would not have even been mentioned as a building block for an urban strategy. In remarks that consitute a most apt explanation of the theme of World Habitat Day this year, she said, and I quote:

“A  key policy challenge is how to balance safety and security within a political or social system and a regulatory environment that is conducive to economic growth. Safety, law enforcement, and the justice system are thus key public goods. The legislative and justice systems, along with enforcement entities, become key institutions.” End of quotation.

Ladies and gentlemen.

The situation I have just outlined is largely the reason why UN-HABITAT, as the agency for the built enviornment, launched its Safer Cities Programme in 1996 to create a culture of prevention anchored in helping local authorities, the criminal justice system, the private sector, urban planners, and civil society partners address urban safety.

As UN-HABITAT and governments that oversee the agency’s work programme hone a new strategic plan for 2008-2013, there is general agreement on four points:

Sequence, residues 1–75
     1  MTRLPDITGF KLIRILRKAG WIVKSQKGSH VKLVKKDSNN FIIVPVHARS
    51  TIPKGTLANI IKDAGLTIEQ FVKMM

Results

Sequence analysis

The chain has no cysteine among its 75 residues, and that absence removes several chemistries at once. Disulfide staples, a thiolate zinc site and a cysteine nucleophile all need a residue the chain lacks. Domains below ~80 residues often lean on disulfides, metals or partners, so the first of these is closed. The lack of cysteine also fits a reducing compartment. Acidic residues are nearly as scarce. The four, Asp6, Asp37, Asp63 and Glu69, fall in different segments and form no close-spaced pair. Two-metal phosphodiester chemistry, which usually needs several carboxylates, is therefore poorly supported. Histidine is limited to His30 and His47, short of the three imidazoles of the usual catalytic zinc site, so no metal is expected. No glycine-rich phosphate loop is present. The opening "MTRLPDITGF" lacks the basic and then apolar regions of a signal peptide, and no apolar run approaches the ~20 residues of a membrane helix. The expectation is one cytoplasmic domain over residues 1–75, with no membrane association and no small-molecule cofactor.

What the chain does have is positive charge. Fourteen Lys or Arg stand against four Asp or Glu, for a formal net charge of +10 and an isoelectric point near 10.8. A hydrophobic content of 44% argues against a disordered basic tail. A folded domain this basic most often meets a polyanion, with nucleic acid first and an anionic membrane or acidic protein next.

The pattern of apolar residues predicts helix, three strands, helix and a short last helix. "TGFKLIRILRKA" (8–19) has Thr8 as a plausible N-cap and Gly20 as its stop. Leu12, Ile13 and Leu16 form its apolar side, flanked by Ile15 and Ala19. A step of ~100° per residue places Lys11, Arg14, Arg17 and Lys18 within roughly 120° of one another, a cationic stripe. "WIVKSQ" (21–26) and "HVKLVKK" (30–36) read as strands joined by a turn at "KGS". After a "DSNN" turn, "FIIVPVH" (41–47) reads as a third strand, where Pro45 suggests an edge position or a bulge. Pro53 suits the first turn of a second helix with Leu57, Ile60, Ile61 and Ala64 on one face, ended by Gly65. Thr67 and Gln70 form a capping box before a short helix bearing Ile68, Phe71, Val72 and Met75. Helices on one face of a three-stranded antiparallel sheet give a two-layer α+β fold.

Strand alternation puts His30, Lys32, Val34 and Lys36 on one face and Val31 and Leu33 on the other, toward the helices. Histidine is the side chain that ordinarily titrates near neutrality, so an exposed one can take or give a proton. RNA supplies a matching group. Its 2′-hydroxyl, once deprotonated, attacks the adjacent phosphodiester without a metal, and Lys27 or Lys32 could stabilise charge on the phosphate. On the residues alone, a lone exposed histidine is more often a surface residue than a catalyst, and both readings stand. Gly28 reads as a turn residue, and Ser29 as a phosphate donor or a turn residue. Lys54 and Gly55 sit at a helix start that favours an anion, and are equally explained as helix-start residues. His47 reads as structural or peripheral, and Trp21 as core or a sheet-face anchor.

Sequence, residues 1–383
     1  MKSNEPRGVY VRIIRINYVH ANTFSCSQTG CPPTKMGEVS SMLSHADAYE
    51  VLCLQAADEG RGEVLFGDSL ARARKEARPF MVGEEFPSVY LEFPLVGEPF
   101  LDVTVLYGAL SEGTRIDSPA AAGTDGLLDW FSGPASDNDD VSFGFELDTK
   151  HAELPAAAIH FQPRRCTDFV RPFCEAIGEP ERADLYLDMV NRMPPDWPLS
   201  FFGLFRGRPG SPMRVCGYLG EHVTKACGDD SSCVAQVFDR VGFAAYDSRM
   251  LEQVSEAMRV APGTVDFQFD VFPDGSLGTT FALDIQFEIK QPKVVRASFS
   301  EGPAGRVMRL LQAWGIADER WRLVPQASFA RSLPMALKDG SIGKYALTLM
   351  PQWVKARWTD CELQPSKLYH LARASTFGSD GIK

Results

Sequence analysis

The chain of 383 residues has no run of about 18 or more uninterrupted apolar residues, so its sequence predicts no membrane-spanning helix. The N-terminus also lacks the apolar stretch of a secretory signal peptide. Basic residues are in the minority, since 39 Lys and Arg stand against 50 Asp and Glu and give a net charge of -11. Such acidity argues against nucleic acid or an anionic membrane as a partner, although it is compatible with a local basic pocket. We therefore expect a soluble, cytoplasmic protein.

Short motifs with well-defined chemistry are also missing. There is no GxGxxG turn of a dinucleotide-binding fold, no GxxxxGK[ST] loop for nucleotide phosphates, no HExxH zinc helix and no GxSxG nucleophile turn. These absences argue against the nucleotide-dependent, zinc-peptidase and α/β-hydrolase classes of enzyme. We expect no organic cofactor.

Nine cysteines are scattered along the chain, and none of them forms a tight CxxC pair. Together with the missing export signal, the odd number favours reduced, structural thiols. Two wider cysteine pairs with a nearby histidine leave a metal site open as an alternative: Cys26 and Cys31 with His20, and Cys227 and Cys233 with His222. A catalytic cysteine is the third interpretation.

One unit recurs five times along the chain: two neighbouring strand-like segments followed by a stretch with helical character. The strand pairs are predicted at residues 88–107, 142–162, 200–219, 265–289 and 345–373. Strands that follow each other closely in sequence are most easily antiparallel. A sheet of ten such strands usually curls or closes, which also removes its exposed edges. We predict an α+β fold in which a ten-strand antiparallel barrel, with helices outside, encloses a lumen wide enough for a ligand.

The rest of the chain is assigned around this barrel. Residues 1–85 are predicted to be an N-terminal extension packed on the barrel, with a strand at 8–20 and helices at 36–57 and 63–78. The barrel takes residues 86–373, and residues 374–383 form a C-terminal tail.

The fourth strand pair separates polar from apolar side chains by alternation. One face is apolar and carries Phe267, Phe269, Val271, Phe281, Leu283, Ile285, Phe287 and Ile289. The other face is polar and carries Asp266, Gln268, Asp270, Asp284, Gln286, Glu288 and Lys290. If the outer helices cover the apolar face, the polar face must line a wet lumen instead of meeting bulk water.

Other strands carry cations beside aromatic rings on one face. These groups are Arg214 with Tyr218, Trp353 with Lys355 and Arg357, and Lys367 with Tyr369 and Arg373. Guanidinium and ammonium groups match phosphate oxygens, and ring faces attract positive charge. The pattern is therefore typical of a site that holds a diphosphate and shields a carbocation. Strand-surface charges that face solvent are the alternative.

Firstly, that governance at the local level must continue looking at crime prevention. Local crime prevention strategies must be incorporated in urban development planning, and this must have full political backing.
            Secondly, that bridging the gap between urban interventions and crime prevention can be achieved by incorporating prevention policies into slum upgrading and housing policies.
            Thirdly, that public spaces in cities have to be better managed. Derelict public urban spaces are a dramatic indicator of the failure of planning and governance.          
           Fourthly, that civil society, especially youth and women, must be fully engaged in any crime prevention strategy. 
           Experience shows that local policies, targeted to key problems and root causes, can be very effective against violence and lawlessness.
Ladies and gentlemen,

Given the many differences in culture, geography, wealth, political systems and size of cities, there will always be problems. But in the modern world we do have solutions. And I wish to conclude these remarks by informing you that the situation is not altogether gloomy. I sense a strong emerging view in this new urban era that the political will is now growing, at both the national and local level in many countries, to make our cities safe and just places for all.

And in concluding, I recognise Mayor Deetman, who serves as Chairman of the global body, United Cities and Local Governments, as someone who leads the new way here.

Thank you for your attention.